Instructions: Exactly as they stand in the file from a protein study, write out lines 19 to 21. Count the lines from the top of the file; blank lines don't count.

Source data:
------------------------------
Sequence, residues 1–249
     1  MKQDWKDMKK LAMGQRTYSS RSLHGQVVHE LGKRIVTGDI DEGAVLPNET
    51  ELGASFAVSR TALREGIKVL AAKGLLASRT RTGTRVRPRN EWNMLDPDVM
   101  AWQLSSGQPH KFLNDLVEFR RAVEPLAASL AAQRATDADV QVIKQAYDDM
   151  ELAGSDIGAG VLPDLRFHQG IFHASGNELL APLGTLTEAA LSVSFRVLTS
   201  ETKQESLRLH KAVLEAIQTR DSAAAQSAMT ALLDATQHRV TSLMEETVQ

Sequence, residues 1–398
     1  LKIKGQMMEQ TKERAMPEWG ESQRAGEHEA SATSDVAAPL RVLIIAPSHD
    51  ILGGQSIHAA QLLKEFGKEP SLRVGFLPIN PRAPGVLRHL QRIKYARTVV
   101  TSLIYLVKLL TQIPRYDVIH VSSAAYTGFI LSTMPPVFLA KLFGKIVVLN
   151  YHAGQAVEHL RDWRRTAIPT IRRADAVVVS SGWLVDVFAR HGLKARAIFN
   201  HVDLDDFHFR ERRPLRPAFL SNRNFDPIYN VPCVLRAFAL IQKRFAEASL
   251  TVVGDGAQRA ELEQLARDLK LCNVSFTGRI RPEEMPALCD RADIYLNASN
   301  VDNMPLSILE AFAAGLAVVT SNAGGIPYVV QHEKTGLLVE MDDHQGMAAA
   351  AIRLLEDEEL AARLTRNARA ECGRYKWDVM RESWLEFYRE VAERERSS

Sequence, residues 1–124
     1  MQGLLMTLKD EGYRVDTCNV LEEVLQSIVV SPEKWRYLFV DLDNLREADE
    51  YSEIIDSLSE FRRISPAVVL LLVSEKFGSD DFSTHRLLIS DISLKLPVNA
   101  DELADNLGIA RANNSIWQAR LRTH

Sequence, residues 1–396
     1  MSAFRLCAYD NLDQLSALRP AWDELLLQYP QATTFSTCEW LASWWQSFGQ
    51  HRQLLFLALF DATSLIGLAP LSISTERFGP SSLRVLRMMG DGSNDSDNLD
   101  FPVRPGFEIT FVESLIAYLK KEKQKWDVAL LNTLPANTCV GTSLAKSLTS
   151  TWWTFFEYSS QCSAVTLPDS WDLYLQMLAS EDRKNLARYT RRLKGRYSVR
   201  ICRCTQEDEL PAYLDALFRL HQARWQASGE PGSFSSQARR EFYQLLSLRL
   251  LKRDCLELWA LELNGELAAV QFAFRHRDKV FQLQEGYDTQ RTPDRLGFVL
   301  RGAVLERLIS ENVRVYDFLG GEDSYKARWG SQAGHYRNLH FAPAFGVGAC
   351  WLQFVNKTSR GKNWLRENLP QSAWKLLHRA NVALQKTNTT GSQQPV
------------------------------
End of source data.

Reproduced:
   101  DELADNLGIA RANNSIWQAR LRTH

Sequence, residues 1–396
     1  MSAFRLCAYD NLDQLSALRP AWDELLLQYP QATTFSTCEW LASWWQSFGQ